Mold Fact Sheets


Mold is a general term that refers to a growth of fungi. Fungi are microscopic organisms that require oxygen, food and water. In the case of indoor environments generally the food comes from building materials that contain organic carbon and the water source is typically the result of water condensation or an unintended water intrusion such as a leak or a flood. Since an indoor environment will always contain oxygen and organic carbon the easiest way to control mold growth is by controlling excess moisture.

Health Effects

It is well documented that excessive exposure to mold can have adverse health effects. Those effects can be broken down into three categories:

  1. Allergenic response- The body’s immune system learns to recognize foreign objects (such as the proteins found on the outer walls of fungal spores) and react to them. In individuals with hypersensitivity this reaction is overly strong and the result is an allergic reaction to a type of mold. People are not allergic to “mold” in general. Rather they are allergic to one or more of the 100,000+ species of mold. It is up to a person’s physician to determine to which types of fungi  are causing a persons reaction(s).
  2. Infection-There are very few species of mold that can infect and multiply on or in a person. These infections can be topical as in the case of Athlete’s Foot, or they can be systemic as in aspergillosis (colonization of the lungs by some species of Aspergillus). Systemic infections are nearly always opportunistic infections in people whose immune systems have been compromised.
  3. Toxicosis-Some fungi under very particular circumstances will generate by-products that can cause adverse health effects when ingested or inhaled.


Two common routes of mold exposure are ingestion and inhalation but it is important to recognize that exposure does not always result in an adverse health effect. Unfortunately at this time there are no exposure guidelines in place for airborne mold concentrations that will accurately predict adverse health effects and it is possible there never will be. Unlike many chemical exposures, individuals will react differently, if at all, to similar concentrations and types of mold. However, preventative measures to control excessive mold growth should always be taken.

“Toxic Mold” or “Black Mold”

These are two terms commonly use by uninformed parties trying to profit from the hysteria surrounding mold. The fact is, there are very few species of molds that may have toxic effects and routine testing cannot determine if your indoor environment had “Toxic Mold” versus “Non-toxic Mold.” When the term “Black Mold” is used it is most often by misinformed people who are referring to the genus of Stachybotrys. Stachybotrys is a common fungi that early on was implicated in several infant deaths in Ohio. That original study was conducted by the CDC, which has since amended their findings to conclude that there was no definitive link between the species Stachybotrys atra and those deaths. Furthermore, there are thousands of species of fungi that are black but have never been associated with adverse health effects.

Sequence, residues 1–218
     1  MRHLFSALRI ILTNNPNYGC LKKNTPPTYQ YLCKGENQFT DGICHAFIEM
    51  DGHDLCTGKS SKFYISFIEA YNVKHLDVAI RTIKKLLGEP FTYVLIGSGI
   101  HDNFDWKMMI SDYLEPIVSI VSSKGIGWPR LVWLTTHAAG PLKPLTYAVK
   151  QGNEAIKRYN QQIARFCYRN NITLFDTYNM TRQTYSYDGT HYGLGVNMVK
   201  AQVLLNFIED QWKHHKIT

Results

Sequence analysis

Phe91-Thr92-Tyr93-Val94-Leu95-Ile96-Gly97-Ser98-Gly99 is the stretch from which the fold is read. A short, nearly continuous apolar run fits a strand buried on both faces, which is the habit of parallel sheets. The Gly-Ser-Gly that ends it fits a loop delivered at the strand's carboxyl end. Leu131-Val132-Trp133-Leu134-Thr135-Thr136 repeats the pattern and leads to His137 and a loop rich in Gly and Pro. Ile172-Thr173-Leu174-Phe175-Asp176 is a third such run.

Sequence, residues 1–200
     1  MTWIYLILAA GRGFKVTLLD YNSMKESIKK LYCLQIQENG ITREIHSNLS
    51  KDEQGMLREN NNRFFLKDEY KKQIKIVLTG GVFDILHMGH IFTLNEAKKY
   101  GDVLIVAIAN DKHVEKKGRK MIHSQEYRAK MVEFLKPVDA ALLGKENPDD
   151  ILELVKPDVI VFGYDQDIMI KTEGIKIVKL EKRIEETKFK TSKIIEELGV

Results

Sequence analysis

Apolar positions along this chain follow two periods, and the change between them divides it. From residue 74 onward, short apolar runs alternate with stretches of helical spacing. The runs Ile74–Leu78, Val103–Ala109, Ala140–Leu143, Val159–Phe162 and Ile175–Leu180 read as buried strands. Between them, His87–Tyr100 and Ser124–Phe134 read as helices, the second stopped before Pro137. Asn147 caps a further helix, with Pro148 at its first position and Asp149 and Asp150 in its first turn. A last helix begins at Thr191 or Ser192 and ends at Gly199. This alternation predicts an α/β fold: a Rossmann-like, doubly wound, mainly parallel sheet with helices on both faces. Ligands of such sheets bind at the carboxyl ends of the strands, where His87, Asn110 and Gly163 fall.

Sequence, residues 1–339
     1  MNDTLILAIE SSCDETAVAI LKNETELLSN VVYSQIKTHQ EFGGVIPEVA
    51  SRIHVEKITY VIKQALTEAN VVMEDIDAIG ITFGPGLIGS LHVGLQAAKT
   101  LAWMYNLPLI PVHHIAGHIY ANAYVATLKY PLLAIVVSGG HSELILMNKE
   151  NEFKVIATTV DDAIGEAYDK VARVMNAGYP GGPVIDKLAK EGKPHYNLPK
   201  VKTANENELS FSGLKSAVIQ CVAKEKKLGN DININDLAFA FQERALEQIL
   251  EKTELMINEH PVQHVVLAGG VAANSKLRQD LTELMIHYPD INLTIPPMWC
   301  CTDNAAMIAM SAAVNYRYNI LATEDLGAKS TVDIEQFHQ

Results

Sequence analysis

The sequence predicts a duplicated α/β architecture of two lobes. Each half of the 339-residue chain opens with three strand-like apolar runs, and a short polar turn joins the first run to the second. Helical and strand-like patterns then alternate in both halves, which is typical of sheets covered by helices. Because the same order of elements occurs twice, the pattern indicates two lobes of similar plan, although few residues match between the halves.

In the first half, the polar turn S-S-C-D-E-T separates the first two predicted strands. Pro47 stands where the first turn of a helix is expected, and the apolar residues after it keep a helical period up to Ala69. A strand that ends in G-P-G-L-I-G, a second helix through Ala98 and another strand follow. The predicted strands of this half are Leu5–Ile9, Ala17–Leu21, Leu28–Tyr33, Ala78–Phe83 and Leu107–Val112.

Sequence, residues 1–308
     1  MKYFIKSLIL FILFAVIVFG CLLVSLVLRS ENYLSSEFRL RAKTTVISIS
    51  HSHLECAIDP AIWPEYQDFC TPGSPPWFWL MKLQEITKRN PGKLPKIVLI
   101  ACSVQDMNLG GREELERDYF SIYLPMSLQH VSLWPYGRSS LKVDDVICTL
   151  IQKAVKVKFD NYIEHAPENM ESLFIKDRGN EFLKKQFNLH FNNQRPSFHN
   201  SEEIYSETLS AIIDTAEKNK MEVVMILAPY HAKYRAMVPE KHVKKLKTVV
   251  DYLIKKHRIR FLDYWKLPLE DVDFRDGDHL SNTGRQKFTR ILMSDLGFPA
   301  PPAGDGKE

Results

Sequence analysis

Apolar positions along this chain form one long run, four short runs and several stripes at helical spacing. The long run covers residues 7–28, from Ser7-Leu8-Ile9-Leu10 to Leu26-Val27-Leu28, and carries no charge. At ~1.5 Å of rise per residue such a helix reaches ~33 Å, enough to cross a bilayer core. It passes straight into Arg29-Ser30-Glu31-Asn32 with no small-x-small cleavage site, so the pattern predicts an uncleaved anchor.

Testing for mold is controversial. Depending on the situation, testing may not be warranted at all. In other situations, testing may be used to eliminate the hypothesis that fungi are the source of adverse health effects. Very rarely can testing for fungi be used to determine that exposure to mold is contributing to adverse health effects. Should testing be necessary it is critical to have it done by a well-trained, experienced investigator. There are several certification bodies that train inspectors and they are not all of the same quality. One possible resource is the American Industrial Hygiene Association’s consultants listing for mold specialists, which can be found at:

Where (and where not) to get more information

Much has been written about mold in buildings, some of which is controversial and some of which is outright wrong. It is important to gather information only from reputable sources and publications. Two resources are the Protection Agency, and the Centers for Disease Control and Prevention. There are countless articles both in circulation and on the Internet that are aggressively presenting incorrect and, in some cases, inflammatory “facts” that are not only untrue but are causing unnecessary hysteria. It is very important to consider the source of any information gleaned off of the Internet or other non-reviewed sources before making any decisions.